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"Can't seem to rise above to see the hedge for the trees."
"The film scores big points for its use of lighting and the manipulation of hair and fur."
"A bland entr?e in a world where one man's junk becomes another animal's treasure."
Over the Hedge  


RJ the raccoon: Bruce Willis
Verne the turtle: Garry Shandling
Hammy the squirrel: Steve Carell
Stella the skunk: Wanda Sykes
Ozzie the possum: William Shatner
Lou the porcupine: Eugene Levy
Vincent the bear: Nick Nolte
Dwayne: Thomas Haden Church
Gladys: Allison Janney
Review May 2006

Based on the popular comic strip by Michael Fry and T. Lewis, "Over the Hedge" cleverly depicts a suburban environment in which humans infringe upon nature and nature infringes back. All told from the perspective of a handful of woodland animals, who in an effort to save their outdoor neighborhood, discover the hidden pleasures and dangers of urban sprawl. So it comes as no surprise that in the film version of "Over the Hedge," the two central characters, RJ the raccoon and Verne the turtle, find themselves at odds over a mysterious hedge that has sprung up in their back yard while asleep for the winter. Along with a cast of idiosyncratic characters, they leap onto the other side to catch a glimpse of this new world, comprised of homeowner's associations, vending machines, and garbage collection. Yet, while the film is crisply animated and colorfully curious, sadly, it lacks the social punch of the comic. And because of a conservative and ineffectual story, it can't seem to rise above to see the hedge for the trees.

With the emergence of spring, Vincent the bear awakens from his long hibernation to discover his entire food stash is missing. Looking high and low, he finds the culprit, a feisty raccoon by the name of RJ. But instead of killing RJ on the spot, he gives RJ an ultimatum - to bring back his food in a few days or else. Not wanting to become mincemeat, RJ contemplates his next move in a nearby forest. And while doing so, he encounters a group of forest critters, also emerging from the winter freeze. Coincidentally, their food supply has gone bad over the last few months and they too must search to replenish their stock. But to all of their surprise, during the winter, much of the forest has been replaced by a housing edition, separated by a large hedge, comparable to that of the Great Wall of China.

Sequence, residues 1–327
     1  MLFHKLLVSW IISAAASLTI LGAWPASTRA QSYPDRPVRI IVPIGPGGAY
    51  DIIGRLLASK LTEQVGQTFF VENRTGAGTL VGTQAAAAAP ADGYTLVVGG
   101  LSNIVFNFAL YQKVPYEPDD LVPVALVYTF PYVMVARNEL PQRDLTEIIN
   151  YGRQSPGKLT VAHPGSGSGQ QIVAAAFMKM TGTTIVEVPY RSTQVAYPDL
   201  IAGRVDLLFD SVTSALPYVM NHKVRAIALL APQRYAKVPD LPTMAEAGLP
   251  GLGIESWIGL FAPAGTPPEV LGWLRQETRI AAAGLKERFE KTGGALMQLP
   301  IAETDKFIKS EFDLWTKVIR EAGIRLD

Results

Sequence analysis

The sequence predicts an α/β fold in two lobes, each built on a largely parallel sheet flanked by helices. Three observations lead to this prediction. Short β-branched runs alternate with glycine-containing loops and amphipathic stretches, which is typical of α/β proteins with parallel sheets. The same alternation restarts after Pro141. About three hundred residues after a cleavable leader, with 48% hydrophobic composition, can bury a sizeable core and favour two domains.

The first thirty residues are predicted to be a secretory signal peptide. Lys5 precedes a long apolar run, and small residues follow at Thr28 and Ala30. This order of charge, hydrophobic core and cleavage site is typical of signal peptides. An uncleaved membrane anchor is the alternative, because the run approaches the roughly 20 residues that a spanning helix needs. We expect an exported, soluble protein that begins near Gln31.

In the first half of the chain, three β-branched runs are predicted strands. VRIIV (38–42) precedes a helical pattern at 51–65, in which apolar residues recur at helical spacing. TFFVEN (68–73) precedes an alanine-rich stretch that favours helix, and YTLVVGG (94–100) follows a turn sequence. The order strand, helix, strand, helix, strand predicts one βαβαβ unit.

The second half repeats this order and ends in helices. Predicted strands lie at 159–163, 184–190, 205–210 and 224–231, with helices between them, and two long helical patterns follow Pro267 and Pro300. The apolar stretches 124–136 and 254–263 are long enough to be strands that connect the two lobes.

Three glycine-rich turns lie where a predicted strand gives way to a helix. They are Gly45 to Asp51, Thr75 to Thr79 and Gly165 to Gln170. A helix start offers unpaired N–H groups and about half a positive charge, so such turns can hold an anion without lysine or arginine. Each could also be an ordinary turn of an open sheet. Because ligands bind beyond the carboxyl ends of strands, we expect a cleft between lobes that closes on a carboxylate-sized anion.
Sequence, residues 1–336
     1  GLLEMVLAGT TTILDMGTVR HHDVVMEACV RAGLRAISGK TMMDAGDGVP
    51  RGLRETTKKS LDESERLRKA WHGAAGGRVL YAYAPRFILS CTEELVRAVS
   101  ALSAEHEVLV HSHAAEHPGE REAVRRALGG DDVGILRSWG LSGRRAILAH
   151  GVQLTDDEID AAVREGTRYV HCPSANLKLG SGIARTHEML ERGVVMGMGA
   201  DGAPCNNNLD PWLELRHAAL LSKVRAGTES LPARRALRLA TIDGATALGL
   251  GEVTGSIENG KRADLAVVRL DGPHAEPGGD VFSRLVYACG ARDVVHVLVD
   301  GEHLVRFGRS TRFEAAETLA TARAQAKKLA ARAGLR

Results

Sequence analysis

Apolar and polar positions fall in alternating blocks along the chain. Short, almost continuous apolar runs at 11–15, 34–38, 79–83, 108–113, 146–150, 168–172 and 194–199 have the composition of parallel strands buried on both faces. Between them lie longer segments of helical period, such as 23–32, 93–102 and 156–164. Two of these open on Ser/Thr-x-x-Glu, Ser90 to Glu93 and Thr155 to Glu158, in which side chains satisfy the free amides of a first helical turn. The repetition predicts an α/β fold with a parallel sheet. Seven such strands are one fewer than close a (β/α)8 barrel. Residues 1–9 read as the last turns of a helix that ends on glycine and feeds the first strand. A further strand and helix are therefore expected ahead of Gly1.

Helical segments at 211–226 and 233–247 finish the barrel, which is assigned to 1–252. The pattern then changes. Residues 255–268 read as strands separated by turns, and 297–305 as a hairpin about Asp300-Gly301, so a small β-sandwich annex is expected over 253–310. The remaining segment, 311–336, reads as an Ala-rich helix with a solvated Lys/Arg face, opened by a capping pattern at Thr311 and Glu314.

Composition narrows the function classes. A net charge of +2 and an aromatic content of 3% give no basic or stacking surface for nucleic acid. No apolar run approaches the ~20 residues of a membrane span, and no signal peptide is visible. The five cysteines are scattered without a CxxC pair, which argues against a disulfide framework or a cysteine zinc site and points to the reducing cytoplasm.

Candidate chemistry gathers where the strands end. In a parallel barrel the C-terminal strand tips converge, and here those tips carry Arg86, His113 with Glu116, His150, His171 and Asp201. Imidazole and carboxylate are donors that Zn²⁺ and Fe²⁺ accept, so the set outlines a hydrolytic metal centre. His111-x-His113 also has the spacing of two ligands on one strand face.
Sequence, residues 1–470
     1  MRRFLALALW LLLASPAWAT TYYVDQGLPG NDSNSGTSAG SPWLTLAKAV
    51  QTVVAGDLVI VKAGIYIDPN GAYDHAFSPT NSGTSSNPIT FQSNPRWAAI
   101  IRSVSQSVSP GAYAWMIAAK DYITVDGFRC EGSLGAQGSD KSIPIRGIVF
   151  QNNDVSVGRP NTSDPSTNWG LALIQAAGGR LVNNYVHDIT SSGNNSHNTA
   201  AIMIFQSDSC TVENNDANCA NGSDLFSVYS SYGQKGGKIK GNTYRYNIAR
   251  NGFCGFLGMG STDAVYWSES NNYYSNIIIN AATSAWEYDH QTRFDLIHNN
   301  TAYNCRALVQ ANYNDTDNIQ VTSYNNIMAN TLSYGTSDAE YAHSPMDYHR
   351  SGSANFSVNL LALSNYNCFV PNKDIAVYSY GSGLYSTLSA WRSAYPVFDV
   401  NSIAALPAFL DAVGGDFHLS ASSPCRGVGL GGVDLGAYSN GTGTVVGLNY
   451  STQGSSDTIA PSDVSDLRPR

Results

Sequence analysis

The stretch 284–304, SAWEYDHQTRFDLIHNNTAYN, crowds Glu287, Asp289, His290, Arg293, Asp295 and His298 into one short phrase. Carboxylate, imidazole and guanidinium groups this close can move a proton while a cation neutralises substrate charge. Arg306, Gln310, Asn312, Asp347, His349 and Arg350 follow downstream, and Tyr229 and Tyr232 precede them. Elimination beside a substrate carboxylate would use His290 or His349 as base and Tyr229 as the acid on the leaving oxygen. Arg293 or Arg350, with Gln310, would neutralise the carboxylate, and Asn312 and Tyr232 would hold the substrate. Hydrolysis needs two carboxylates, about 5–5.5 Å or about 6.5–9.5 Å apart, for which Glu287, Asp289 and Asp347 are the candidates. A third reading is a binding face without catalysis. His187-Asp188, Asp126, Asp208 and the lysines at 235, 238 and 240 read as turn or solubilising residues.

Looking to take advantage of his newfound friends, RJ explains the benefits of this brave new world - a world where strange creatures called humans live to eat. A world full of wondrous food, ripe for the taking. In spite of Verne the turtle's initial misgivings about crossing through the hedge, the rest of the group comprised of Stella the skunk, Hammy the squirrel, Heather and Ozzie opossum, and Lou and Penny porcupine decide to take a chance and explore the snack filled suburbs along with RJ. But little do they know their over-indulgent neighbors have a little something else planned. In particular, Gladys, the head of the homeowner's association, who employs a savvy exterminator, named Dwayne the Verminator, to rid the community of the food-seeking pests. Narrowly avoiding traps and lures, RJ and the gang form a unique friendship, as they learn how to prosper and avoid the dangerous temptations of their new neighborhood.

Created in 1995 by Michael Fry and T Lewis, "Over the Hedge" has become a successful comic, particularly in the way it intermingles social satire with situational comedy, all from the perspective of forest creatures, whose very lives are impacted by suburban expansion. Ironically, the comic pokes fun of the growing populace that wishes to be close to nature, just not too close - where nature comes back at them. So, here you have a handful of cute characters that are uprooted from their homes only to discover a wonderland comprised of big screen televisions, fast food delivery, garbage disposal, port-a-potties and vending machines, and comfy lawn furniture. It's an intriguing premise and the repartee amongst the animals is priceless, analyzing and digging into everything from religion to pop culture to pollution and terrorism. For instance, in the film, when Lou ogles over the vastness of the SUV, asking how many passengers it can hold, RJ sarcastically responds, "Usually...one." These moments are bitingly funny, but few and far in between in a film that takes fewer risks and opts for much safer material.